An update on European monetary developments showed that M3 soared at a 3 month rate of 3.1%, well above expectations of 2.8%, and the highest since October 2008, which means any possibility of further ECB rate cuts has been effectively taken off the table well into 2013. We do, however, eagerly look forward to the pundits' explanation how it is possible that Europe is getting progressively worse even as a near record amount of liquidity is sloshing around in the Eurosystem. 

But all of this is largely moot, as the reactionary market follows every update out of Washington, in hopes there will be a fiscal cliff resolution. Advance spoiler: there won't be, at least not until we have a replay of the 2008 TARP/2011 Debt Ceiling scenario, and the market plunges to get DC to act. Sorry, the recent brief downtick was certainly not enough to break the record deadlock in Congress, fondest wishes to the contrary notwithstanding.

Finally, the Shanghai Composite again showed what happens when a local central bank refuses to inject any new liquidity, and dropped 1%, breaching the 2009 lows, and closing at a level of 1973.

Expect little in terms of actual market moving macro news today as the fascination with the Fiscal Cliff persists.

More from Jim Reid:

“Reid moves markets”. I’ve always dreamed of reading such a headline and last night I got my wish. Unfortunately it was Senate Majority Leader Harry Reid who grabbed the headlines and took the shine off what was a mildly positive day for markets by suggesting that little progress had been made in fiscal cliff negotiations over the last week or so. He added that ‘we only have a couple weeks to get something done so we have to get away from the happy talk.’ This overshadowed a day of stronger US data with Durable Goods, Home Prices and Consumer confidence all ahead of expectations. The S&P closed 0.52% lower after being 0.2% higher earlier in the session and again close to the highs just before Reid’s comments hit newswires around 90 minutes before the close.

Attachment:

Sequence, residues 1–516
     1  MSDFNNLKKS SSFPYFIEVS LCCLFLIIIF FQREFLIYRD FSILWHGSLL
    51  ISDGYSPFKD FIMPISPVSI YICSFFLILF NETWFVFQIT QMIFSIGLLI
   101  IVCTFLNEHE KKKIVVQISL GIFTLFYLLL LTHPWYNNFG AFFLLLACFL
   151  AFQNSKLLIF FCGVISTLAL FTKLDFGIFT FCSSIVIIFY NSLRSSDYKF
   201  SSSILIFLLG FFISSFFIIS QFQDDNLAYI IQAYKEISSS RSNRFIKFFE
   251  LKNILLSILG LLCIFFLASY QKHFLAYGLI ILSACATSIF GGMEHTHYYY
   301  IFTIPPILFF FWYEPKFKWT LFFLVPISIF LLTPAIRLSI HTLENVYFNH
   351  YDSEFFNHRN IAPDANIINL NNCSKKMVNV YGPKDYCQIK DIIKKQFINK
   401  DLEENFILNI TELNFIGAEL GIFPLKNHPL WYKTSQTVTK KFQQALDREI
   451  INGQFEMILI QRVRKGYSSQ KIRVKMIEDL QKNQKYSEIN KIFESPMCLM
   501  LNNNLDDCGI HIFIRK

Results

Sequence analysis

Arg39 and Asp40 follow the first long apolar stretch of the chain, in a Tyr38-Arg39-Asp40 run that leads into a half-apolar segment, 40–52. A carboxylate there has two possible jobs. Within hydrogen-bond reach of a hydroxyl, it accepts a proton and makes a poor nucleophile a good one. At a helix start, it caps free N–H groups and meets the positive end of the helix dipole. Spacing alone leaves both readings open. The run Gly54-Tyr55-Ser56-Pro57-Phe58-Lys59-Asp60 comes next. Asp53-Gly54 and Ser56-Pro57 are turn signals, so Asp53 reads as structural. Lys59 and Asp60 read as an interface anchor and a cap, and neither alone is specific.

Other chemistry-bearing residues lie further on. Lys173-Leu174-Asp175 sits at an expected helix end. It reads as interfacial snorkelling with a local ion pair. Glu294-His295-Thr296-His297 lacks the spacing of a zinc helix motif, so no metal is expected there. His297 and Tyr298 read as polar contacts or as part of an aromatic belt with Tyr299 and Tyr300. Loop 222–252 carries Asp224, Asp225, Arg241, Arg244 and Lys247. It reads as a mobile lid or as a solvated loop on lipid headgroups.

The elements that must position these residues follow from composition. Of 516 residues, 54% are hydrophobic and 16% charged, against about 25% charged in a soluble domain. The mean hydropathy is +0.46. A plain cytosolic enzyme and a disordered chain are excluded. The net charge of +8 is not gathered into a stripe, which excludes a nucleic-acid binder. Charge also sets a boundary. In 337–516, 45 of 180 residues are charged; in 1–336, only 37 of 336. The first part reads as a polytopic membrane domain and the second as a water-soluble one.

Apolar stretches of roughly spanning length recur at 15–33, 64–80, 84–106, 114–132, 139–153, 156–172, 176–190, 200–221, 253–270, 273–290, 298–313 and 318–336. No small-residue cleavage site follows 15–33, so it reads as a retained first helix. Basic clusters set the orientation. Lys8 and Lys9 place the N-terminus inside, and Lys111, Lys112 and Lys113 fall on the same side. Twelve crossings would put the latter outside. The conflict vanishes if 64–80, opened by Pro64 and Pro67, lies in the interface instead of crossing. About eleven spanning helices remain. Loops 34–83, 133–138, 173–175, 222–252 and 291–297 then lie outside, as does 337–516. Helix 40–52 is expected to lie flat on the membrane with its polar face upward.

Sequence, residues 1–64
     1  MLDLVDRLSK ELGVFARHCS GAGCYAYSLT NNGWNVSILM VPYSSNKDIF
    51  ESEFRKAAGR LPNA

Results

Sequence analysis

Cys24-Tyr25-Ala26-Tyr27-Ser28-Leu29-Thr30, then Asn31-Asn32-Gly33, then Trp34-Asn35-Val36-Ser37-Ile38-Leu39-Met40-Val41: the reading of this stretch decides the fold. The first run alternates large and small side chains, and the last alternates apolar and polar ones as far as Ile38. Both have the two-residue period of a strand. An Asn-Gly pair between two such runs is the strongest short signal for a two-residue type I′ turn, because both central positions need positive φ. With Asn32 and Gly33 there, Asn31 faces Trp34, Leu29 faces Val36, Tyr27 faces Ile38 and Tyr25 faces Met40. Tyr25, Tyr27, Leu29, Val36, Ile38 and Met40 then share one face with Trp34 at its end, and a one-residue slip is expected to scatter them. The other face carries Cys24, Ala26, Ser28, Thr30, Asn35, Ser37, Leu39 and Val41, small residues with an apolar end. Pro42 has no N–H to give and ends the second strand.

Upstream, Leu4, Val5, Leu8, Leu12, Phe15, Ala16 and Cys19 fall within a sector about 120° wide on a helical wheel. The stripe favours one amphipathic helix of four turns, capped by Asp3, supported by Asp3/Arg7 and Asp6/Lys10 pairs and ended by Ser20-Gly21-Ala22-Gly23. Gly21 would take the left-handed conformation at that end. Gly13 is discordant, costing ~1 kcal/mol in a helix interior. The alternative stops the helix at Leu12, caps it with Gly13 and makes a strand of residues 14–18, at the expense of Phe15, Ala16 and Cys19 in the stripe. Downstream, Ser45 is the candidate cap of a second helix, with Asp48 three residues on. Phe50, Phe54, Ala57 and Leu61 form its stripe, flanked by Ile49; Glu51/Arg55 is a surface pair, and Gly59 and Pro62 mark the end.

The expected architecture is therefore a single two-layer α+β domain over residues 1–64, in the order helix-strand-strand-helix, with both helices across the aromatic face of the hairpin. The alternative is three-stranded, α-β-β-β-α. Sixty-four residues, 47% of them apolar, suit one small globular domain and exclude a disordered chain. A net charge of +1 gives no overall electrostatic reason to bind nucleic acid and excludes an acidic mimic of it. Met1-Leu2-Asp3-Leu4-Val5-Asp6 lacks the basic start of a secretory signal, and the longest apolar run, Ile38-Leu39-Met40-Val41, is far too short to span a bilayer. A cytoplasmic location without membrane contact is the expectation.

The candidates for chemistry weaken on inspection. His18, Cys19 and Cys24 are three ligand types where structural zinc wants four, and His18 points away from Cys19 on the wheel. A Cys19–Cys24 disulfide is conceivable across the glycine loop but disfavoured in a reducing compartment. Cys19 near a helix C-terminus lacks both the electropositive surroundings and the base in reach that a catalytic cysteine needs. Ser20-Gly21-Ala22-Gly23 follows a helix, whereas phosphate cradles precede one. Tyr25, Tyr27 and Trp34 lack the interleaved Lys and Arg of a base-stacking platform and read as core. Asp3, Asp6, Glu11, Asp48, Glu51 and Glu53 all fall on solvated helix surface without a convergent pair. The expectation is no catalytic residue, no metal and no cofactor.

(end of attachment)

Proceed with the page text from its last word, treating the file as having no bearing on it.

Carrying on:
Yesterday marked only four weeks until Xmas so we do need some US political progress soon. It’s possible that Senator Reid was just reminding his colleagues of the relative urgency of the discussions. This is still the biggest story in global markets at the moment and has the capacity to move the S&P significantly into year end in either way.